Intelligence failure and the Pulse nightclub shooting

Intelligence failure and the Pulse nightclub shooting

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The Pulse shooting was not a failure of law enforcement; it was a failure of intelligence.


WASHINGTON, July 14, 2016 – A month after the tragic shooting in Orlando at the Pulse nightclub, observers are still asking how someone on the FBI’s radar could have purchased weapons and killed 49 people.

The FBI had spoken with Omar Mateen, the shooter, three separate times. On three occasions, the FBI found “no evidence of wrongdoing” and released Mateen. They released him despite the fact that he admitted he lied to agents, that witnesses said he made numerous threats, and that two confidential informants recorded questionable conversations with him.

The FBI specifically released Mateen because there was no indication he had ties to ISIS, Al-Qaeda or any other terrorist group. Even though he pledged allegiance to a host of competing terrorist organizations just before the attack, there is still no evidence he actually had ties to any group or that he was even in contact with jihadists.

Instead, Mateen was a mentally unstable individual who elected to identify with radical Islamic terrorist groups as an excuse for his violent rage.

Even so, how could the FBI meet with him three times and not recognize the simmering danger?

The answer: Intelligence failure.

The FBI had all the information, but lacked intelligence. Intelligence, the analysis of multiple points of information, is critical to creating a complete picture. By focusing on the individual crumbs of information, the FBI missed the larger picture. The threat did not come from radical Islamic ties, but from a violent history and a desire to do harm.

The FBI is, at its heart, a law enforcement organization. It investigates crimes and arrests the perpetrators. It is one of the best organizations in the world at carrying out those duties.

However, analysis is not part of the DNA of the FBI. After the 9/11 terrorist attacks, the FBI recognized its shortcomings in terms of analysis, and attempted to rebuild itself as an intelligence organization, or at least as an organization that included analysis as part of its problem-solving capabilities. The FBI publicly announced its intent was to move from an organization that investigated crimes to one that could actually prevent attacks.

Despite that effort, the FBI has struggled to include analysis in its crime solving. A report released by the FBI in March 2015 admitted that the Bureau still had not integrated analysts into investigations, and that analysts were not regularly included in investigations. The report stated, “…the Bureau urgently needs to improve its intelligence capabilities.” It further stated that analysts were still excluded from a majority of investigations, and that the Bureau was having difficulty changing old patterns of law enforcement investigation to new strategies involving intelligence and analysis.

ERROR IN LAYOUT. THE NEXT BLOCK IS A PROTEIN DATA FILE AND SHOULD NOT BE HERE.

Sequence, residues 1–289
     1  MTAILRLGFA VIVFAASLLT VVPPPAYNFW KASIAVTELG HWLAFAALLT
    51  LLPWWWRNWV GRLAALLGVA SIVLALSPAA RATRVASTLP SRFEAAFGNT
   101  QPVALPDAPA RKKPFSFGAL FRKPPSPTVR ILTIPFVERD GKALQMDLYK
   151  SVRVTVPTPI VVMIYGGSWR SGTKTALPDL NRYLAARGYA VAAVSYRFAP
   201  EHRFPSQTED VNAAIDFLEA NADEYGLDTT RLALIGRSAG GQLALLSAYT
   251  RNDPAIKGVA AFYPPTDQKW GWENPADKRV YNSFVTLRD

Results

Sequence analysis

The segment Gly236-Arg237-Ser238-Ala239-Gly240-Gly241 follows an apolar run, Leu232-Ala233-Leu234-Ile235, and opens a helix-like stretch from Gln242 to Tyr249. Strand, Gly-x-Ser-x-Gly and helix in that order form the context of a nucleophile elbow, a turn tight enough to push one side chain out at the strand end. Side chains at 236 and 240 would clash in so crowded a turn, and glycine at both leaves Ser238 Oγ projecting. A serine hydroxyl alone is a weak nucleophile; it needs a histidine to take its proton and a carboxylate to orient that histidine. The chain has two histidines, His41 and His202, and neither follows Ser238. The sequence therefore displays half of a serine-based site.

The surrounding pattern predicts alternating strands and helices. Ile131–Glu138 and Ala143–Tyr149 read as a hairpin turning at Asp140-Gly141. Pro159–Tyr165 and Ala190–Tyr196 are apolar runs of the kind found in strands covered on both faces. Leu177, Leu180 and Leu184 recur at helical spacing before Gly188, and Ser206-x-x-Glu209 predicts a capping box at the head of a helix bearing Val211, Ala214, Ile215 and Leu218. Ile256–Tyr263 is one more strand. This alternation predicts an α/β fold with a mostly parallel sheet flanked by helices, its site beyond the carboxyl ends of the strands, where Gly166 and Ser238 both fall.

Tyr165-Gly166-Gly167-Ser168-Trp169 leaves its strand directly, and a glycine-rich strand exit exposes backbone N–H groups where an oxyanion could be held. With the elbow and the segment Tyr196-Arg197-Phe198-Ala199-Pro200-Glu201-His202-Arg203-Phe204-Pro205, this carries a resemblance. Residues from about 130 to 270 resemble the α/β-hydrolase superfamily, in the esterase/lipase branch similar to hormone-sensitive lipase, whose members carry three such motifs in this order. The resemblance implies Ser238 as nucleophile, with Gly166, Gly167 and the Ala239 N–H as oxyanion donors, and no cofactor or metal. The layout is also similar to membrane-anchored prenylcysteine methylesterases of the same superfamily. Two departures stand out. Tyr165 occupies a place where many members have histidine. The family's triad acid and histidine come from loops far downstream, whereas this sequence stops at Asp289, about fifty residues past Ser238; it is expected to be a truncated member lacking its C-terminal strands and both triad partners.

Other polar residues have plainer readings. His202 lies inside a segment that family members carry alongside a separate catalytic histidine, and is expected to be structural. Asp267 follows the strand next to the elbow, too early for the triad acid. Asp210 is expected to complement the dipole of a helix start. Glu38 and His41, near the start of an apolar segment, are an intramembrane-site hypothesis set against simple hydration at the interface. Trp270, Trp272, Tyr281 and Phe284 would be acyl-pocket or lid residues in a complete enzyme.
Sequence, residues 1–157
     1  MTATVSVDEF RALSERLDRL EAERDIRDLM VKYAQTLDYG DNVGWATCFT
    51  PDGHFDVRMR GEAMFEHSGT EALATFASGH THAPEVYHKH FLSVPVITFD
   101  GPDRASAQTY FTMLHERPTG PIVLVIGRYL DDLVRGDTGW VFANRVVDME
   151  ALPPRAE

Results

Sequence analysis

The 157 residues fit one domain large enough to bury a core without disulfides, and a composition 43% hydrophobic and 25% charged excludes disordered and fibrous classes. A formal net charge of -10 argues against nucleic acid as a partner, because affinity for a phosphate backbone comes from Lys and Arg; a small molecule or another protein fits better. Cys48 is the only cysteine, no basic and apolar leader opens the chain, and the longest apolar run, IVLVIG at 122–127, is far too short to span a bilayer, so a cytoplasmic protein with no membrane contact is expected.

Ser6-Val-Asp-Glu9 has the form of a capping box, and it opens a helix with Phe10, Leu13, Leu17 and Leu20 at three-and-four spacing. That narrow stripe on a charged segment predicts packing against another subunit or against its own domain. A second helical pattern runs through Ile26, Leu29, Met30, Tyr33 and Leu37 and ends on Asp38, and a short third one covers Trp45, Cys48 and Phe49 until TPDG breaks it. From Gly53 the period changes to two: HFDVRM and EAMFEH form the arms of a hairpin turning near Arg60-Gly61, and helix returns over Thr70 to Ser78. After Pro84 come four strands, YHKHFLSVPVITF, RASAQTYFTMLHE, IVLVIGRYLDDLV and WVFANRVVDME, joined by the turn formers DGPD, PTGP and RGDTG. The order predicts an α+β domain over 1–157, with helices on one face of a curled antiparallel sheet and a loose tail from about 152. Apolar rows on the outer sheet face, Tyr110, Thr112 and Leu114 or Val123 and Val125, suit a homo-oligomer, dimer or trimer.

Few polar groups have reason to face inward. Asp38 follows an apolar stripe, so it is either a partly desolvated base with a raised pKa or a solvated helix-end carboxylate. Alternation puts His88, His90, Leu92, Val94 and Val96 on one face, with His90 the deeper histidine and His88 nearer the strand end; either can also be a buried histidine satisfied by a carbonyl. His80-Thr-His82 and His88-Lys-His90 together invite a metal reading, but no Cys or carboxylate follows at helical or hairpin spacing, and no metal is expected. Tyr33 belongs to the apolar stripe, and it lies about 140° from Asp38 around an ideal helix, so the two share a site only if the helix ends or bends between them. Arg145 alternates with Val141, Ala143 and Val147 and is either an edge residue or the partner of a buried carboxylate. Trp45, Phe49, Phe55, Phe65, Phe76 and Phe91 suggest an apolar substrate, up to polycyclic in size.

In the case of Mateen, the FBI was conducting a criminal investigation. It was attempting to uncover whether Mateen had committed a crime, and the ten-month criminal investigation found no crime.

The FBI conducted a traditional law-enforcement investigation of Mateen. Based on the information now available concerning that investigation, it is unlikely that the FBI included analysts in the investigation of Mateen. Had the FBI called on its intelligence resources, it may have pieced together the history of violence, angry social media postings, efforts to communicate with radical Islamic leaders, threats, weapons purchases, and other activities and recognized that Mateen had committed crimes under the Patriot Act and other laws, and that he was in fact a threat.

The second intelligence failure came from a skewed starting point. The FBI was attempting to investigate whether Mateen had ties to terrorist organizations. This was the problem they were trying to solve, and it guided their collection efforts. This paradigm handicapped officers by blinding them to the ugly reality in front of them. Because Mateen did not have ties to Islamic terrorists, FBI agents did not identify him as a threat. They failed to look beyond the hypothesis to recognize that there were other red flags concerning Mateen that they should have identified.

The Pulse shooting was not a law enforcement failure. It was an intelligence failure because it failed to analyze the disparate pieces of information and create a comprehensive picture of the threat Mateen presented.

Security and law enforcement cannot stop terrorism, whether it is tied to radical Islamists or lone wolves or mentally unstable individuals. The only way to thwart terrorists is with intelligence and information sharing among the various agencies.

Without intelligence, authorities can only clean up after the attack. And by then, it’s too late.


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Lisa M. Ruth
Lisa M. Ruth is Editor-in-Chief of CDN. In addition to her editing and leadership duties, she also writes on international events, intelligence, and other topics. She has worked with CDN as a journalist since 2009. Lisa is also President of CTC International Group, Inc., a research and analysis firm in South Florida, providing actionable intelligence to decisionmakers. She started her career at the CIA, where she won several distinguished awards for her service. She holds an MA in international relations from the University of Virginia, and a BA in international relations from George Mason University. She also serves as Chairman of the Board of Horses Healing Hearts, and is involved with several other charitable organizations, including Habitat for Humanity, The Boys and Girls Clubs of America, and AYSO.